How to help a child who is being bullied
Though bullying is certainly not a new problem that children face, in recent years it has escalated to a level that children have never before experienced. Parents whose children are being bullied often do not know how to help, however, there are many things that can be done to support, comfort and assist the child through this troubling time.
Stay connected with the child’s friends by allowing and encouraging him to have friends over. When parents encourage their child’s friends to spend time at the house where parents can witness the type of interactions that occur, parents are able to better appreciate the world their child lives in. This will also help encourage the child to open up and share more experiences and feelings with his parents.
Give your children a break from the pressures of their social media life. One of the reasons bullying today is so alarming is that a good majority of it does not happen in person, but instead occurs virtually through social media sites. Because of this, a good way to help protect your child from the sorrow of cyber bullying is to create a “turn off time” in the house. This is the time that all phones, computers, tablets and desktops get turned off for the night. With this rule in place, your child at least has a time when he is not allowed to see or hear any hurtful comments. It may not make the comments go away, but being forced to turn everything off for a while will make difference and give him some respite from the attacks if he is a victim of cyber bullying.
Fully listen to the child’s side of the story. Sometimes parents hear part of the story and assume they know the rest. It is very important to a child’s emotional stability to be fully heard by at least one person. When a child can trust that his parents will listen to him fully no matter what, it gives him the strength to be honest about the issues he’s facing.
When a child shares an incident of bullying, respond with loving concern rather than trying to immediately fix the problem. Often, when parents first hear about a bullying incident, their initial reaction is to quickly find a solution. This can frustrate a child who simply wanted someone to know what he is going though. Avoid instantly coming back to him with simple “solutions” or even cliché’s that will do nothing to help the situation.
Ask the child how he wants to be helped before jumping in to fix the problem. Many times children really just want a shoulder to cry on and are not looking for parents to help them fix anything. Parents should have a discussion with their child before they come up with any solutions to the problem.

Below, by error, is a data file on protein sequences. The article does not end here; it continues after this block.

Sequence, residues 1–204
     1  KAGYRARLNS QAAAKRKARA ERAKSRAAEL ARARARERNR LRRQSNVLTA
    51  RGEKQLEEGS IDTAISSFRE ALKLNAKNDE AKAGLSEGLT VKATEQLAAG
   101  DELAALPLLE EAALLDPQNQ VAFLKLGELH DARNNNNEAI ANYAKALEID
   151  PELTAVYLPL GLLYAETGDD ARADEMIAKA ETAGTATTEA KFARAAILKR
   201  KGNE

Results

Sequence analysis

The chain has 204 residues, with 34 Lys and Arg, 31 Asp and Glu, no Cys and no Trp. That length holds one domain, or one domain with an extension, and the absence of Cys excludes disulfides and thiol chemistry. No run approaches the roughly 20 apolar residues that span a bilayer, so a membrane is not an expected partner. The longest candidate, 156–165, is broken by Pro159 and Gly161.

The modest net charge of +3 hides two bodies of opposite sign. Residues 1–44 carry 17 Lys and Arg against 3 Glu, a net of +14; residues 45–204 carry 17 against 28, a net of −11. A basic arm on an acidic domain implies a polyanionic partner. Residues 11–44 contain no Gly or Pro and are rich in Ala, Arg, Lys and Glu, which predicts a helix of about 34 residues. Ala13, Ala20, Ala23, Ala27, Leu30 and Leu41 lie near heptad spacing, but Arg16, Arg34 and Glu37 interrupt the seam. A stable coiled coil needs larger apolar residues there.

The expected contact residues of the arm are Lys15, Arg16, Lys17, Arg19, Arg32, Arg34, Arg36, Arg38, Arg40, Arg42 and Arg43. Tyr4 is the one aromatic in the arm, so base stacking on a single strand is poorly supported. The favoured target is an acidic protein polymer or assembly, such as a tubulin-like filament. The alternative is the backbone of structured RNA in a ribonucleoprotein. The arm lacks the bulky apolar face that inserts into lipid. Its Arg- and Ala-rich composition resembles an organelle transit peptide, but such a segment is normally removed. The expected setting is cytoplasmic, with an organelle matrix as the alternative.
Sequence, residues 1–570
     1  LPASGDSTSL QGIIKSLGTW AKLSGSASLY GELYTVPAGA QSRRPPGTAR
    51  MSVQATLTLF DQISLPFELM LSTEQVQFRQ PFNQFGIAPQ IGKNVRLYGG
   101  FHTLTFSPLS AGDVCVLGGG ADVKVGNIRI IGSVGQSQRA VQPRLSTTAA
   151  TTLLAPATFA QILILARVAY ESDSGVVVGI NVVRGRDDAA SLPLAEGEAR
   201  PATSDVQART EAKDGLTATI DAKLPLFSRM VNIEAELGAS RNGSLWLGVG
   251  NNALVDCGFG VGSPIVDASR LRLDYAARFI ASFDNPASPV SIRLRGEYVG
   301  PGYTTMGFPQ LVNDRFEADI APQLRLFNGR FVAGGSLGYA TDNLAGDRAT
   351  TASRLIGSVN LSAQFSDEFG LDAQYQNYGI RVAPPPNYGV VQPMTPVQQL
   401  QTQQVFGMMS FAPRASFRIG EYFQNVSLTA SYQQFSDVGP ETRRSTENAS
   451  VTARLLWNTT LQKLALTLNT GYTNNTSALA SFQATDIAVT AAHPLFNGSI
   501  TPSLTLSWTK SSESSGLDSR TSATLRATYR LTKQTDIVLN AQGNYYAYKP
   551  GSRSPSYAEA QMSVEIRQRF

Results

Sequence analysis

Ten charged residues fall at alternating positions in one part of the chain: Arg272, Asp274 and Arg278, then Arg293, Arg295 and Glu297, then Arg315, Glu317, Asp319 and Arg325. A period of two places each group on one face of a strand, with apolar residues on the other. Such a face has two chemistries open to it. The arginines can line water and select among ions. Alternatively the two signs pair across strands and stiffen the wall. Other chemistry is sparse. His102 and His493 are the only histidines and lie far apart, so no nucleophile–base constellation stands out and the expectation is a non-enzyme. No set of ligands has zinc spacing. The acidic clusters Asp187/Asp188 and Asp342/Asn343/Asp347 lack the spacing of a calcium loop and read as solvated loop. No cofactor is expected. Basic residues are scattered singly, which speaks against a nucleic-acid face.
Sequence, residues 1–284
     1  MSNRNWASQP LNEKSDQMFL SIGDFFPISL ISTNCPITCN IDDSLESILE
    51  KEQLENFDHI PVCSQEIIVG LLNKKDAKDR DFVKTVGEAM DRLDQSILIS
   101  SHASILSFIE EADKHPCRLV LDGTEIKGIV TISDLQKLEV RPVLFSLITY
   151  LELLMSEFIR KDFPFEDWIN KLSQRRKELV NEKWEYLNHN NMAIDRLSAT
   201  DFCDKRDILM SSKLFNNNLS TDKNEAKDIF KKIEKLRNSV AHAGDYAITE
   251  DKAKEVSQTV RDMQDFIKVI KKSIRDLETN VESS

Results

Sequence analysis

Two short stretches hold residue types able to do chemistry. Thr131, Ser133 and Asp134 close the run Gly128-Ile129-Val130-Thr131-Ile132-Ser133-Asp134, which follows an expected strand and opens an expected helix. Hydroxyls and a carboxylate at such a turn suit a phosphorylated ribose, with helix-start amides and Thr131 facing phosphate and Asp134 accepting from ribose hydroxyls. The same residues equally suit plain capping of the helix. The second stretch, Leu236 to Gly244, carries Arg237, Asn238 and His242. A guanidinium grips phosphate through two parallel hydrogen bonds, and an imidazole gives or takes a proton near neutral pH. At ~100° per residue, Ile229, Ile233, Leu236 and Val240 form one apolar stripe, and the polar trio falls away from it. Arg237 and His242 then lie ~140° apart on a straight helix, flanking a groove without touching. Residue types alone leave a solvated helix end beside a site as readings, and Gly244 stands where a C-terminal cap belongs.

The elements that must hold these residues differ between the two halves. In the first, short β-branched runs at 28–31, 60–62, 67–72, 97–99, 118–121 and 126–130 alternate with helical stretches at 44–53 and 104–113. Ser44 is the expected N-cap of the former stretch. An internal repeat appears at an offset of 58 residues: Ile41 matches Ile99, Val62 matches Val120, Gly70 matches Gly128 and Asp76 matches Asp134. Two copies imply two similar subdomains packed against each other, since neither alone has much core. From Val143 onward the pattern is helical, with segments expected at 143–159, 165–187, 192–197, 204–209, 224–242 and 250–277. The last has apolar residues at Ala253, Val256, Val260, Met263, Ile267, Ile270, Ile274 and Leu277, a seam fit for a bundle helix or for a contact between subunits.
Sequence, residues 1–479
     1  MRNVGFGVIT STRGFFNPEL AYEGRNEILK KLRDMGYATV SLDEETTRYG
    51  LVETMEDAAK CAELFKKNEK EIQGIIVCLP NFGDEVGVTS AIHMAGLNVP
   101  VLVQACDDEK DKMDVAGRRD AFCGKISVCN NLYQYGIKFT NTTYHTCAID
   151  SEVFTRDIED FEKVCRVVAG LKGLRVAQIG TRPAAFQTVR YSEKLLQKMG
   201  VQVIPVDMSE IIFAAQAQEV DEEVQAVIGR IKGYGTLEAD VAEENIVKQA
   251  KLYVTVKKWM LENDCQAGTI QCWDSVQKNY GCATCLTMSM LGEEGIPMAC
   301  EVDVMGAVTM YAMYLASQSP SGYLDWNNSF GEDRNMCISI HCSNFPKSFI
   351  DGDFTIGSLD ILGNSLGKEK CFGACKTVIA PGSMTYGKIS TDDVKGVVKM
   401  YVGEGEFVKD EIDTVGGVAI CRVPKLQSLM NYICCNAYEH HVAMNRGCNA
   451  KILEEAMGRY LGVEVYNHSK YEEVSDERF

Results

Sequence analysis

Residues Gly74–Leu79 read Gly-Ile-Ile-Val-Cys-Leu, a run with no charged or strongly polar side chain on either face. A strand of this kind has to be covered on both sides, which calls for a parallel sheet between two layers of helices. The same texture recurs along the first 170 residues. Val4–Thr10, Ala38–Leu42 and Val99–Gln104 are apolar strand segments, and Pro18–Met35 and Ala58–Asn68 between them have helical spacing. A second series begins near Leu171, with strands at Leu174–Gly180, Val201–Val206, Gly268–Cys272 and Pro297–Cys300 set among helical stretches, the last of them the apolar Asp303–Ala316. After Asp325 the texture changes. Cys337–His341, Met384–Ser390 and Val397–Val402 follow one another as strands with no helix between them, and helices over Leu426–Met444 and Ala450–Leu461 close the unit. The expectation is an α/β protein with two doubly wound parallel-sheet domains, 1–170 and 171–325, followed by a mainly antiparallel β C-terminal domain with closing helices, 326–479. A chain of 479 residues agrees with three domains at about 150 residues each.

Validate the child’s emotions. No matter what, the child is looking for someone to tell him it is ok to be worried, angry and even scared about being bullied. Parents can validate these emotions by sharing stories from their own childhood and making sure the child knows that he has done nothing wrong. Above all else, a child should walk away from his parents knowing that what he said is confidential and safe with them.
Rather than making blanket statements, ask the child questions to help him look at the issue from a different perspective. Questions are the best way to help a child discover his own feelings about the situation at hand. Choose questions that will help him think not just about how he feels about what happened, but also why he might feel that way. “Tell me more about that.” “Why do you think that hurt you so much?” “How did everyone around you respond?” “What can you do to change the situation?” “What do you want to do about it?” These are a few questions that can help lead the child to discover how he really feels and what he wants to do about the situation.
Avoid being too directly involved in any issues your children has with their peers. Most parents want to not only help the child fix the problem, but also to fix the problem themselves. While there is most definitely a time to talk to teachers and principals and to advocate for the child in other ways, the best and most effective thing a parent can do to help a child who is being bullied is to lead the child to his own conclusions about how to address the situation and then support and encourage him when he follows through on those actions. Becoming directly involved can not only be embarrassing for a child, it also make the situation much worse. In addition, it does not teach the child how to respond to these types of situations in life.
No parent wants their child to be bullied, but finding the right balance of love, observation and action can help a child not only get through the difficult events that are inevitable in childhood these days, but actually become a stronger and more resilient adult because of them.